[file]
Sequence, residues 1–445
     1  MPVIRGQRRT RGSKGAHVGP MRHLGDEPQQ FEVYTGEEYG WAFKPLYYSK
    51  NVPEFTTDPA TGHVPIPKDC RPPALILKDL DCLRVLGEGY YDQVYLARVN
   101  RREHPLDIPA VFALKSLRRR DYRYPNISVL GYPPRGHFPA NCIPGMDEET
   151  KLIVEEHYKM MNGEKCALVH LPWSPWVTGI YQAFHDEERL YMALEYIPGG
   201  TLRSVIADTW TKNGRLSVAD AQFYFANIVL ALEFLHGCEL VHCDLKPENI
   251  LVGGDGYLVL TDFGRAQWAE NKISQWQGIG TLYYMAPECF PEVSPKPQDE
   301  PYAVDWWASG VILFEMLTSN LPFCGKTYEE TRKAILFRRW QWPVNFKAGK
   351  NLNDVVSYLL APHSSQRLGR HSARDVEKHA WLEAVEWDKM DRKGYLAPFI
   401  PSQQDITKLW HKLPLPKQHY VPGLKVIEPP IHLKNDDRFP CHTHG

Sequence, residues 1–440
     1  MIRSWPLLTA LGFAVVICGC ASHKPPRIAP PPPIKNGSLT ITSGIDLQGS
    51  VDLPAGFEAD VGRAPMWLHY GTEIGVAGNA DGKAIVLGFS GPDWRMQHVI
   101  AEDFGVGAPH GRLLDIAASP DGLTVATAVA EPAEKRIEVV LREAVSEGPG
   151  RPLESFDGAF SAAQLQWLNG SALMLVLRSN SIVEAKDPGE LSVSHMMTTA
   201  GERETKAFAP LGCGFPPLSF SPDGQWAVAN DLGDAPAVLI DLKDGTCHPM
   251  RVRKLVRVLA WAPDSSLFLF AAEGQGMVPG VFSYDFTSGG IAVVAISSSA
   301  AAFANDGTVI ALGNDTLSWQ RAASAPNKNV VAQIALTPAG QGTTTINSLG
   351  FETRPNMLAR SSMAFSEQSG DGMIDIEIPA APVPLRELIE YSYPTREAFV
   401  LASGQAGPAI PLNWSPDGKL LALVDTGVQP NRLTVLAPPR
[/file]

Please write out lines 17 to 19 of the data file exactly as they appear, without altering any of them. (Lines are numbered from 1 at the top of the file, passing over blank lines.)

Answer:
   251  RVRKLVRVLA WAPDSSLFLF AAEGQGMVPG VFSYDFTSGG IAVVAISSSA
   301  AAFANDGTVI ALGNDTLSWQ RAASAPNKNV VAQIALTPAG QGTTTINSLG
   351  FETRPNMLAR SSMAFSEQSG DGMIDIEIPA APVPLRELIE YSYPTREAFV